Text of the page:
Grey-black against the sky, broad-winged, long-necked and legs trailing like sticks, the heron beats over the long remembered wood.  The house, its windows misted by neglect and the leaves of spring spreading into the peeling wooden frames, seems solid enough from the outside.  Inside the smell of disorder and decay expose the loss of routine, the continuity that held sway for nearly sixty years and ceased some time ago.

Cold, dark north-easterly rain held the backdrop of the previous day when the coffin was lowered into the ground, woven bamboo bright against the newly dug earth.  Maybe she did not want such a cradle at the end, perhaps preferring the deep mahogany gloom and Victorian brass handles. Its brightness eased the path to her resting place and held her empty body in a gentleness that reflected her final days.  The eldest grandchild stood tall in the church she occasionally took him to as a child; he read his poem
 ‘When I knew you were leaving us,
my memory spun in a hiss of gravel,
rustled through the trees, ….’

His voice uncovering the years as he read on, his eyes revealing the light of childhood, and the eyes of the congregation wet with the recognition of time passing.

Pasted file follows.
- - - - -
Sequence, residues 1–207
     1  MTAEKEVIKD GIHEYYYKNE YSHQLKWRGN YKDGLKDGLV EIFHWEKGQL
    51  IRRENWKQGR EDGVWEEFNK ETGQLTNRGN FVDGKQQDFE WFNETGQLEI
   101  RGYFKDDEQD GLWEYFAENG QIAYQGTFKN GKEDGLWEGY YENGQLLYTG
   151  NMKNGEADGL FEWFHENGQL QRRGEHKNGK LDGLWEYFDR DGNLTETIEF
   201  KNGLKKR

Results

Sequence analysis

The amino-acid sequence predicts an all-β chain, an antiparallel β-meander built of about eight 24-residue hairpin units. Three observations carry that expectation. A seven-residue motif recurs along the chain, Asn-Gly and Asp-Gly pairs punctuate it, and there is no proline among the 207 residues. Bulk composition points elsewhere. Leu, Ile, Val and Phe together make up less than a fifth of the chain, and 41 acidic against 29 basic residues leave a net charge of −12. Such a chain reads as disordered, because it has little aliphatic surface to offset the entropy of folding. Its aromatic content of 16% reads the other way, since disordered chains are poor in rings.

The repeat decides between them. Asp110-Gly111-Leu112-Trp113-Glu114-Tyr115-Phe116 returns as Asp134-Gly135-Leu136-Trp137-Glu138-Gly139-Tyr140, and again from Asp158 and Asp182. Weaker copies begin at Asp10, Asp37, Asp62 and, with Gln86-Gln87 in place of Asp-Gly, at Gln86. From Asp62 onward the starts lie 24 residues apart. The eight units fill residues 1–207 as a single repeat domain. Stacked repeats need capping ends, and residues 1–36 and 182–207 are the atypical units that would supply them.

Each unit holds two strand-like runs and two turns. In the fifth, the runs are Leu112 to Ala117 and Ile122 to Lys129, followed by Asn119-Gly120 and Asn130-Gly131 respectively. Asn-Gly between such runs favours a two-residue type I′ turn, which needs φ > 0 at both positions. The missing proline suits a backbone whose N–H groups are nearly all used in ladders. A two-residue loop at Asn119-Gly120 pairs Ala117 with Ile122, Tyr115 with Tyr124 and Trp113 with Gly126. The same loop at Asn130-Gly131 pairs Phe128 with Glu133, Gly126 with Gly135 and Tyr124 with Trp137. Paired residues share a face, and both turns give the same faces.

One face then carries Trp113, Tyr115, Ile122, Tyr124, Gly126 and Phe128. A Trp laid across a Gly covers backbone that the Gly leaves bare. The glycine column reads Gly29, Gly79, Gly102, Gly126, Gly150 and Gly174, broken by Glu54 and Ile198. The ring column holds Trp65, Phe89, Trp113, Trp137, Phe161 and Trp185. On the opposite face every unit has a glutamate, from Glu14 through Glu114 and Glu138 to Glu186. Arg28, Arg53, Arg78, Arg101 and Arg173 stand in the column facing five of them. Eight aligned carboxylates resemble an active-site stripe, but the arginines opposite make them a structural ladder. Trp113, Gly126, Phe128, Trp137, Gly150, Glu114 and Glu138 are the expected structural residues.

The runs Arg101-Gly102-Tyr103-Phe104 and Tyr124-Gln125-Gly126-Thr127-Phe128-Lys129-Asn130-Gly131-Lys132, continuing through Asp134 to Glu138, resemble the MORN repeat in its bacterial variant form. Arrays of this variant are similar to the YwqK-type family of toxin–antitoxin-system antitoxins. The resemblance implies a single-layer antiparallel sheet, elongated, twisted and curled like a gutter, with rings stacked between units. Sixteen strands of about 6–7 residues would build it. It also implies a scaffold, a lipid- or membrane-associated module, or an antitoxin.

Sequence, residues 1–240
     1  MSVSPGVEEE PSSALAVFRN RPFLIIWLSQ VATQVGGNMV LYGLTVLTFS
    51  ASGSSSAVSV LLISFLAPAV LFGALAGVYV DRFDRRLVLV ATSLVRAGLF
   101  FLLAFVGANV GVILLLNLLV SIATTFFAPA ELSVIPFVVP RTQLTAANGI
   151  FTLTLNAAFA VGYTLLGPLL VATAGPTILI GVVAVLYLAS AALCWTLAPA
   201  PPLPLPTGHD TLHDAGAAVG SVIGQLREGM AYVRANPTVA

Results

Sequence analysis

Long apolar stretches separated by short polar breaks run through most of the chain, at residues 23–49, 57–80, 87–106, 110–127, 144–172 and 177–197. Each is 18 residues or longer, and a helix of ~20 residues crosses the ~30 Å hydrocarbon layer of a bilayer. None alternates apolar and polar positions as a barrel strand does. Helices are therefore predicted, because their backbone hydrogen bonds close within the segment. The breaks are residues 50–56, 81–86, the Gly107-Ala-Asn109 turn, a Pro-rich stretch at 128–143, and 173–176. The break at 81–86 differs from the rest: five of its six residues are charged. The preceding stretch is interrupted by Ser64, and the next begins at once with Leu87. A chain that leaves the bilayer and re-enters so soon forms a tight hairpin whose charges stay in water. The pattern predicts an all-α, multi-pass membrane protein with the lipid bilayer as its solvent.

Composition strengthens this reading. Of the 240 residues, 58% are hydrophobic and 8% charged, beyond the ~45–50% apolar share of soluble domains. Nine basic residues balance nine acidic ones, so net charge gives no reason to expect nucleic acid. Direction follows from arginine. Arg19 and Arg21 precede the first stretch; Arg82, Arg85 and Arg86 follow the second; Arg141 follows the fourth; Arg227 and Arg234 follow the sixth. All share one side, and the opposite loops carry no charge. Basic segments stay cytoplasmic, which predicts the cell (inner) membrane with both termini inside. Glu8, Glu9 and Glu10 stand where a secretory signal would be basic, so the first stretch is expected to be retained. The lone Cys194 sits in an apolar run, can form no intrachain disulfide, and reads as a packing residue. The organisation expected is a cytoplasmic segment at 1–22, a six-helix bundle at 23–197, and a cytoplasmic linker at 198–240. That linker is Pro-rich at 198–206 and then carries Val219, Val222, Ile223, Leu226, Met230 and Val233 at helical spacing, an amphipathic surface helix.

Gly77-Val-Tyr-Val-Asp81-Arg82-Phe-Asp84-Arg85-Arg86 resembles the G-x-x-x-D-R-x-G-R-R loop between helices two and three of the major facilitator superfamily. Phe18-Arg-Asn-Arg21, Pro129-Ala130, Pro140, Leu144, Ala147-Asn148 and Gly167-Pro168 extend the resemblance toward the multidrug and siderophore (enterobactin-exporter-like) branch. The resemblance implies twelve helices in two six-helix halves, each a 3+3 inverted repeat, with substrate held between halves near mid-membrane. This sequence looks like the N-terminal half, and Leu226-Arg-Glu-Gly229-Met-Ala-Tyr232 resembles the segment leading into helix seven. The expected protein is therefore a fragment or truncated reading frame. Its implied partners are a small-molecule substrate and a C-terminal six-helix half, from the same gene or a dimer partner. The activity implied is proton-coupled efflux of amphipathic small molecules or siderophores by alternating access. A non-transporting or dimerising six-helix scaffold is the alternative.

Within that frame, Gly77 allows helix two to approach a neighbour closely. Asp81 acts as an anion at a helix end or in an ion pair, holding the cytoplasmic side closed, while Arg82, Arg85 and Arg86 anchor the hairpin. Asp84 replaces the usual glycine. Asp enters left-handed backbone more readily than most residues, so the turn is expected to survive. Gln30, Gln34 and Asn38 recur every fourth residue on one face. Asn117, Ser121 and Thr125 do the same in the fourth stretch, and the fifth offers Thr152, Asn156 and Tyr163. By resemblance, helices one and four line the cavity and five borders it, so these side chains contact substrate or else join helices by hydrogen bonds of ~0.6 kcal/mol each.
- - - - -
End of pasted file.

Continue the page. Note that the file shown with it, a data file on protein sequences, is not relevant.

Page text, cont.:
When I last saw her the shock of her withered face, sparse hair, and eyes that seemed to have watered down the blue to a greying incomprehension, had disappeared and was replaced by the understanding that what lay in the bed was the body of a human not long before its passing.  To sit there by her bed in silence and watch the flitting of such a murmuration of thoughts: shaping, pulling apart and then reshaping, enabled communication that could not be tethered to words or rationality.  Fingers delve into the past as if searching in mud for something that had been lost and find that all that has gone before no longer has any form.  Just to be there was enough and to say goodbye to the person who brought you into the earth, brings an end to it all.  In the opening of those eyes there is recognition and in their closing there is also liberation; in a gesture of thanks and the quiet turning away - a new freedom. 

Life has its own movement in its circular form with time measured in years, a small part is an individual existence.  As the winter holds old bones and frail bodies allowing the opportunity for some to gently take their leave, and spring begins the transition from sleep to an awakening, there is an ancient rhythm.  To watch this closely, observing the falling of leaves and the emerging of delicate green shoots, is to learn to be part of this movement; not to be a casual observer, nor to be some commentator – explaining away all that has gone before in a comfortable phrase or glib statement.  To be aware of the deep pulse of life and death and watch the response of emotion without the sense of what should be felt, is to be connected.  And after all this, is it possible to be alive to death?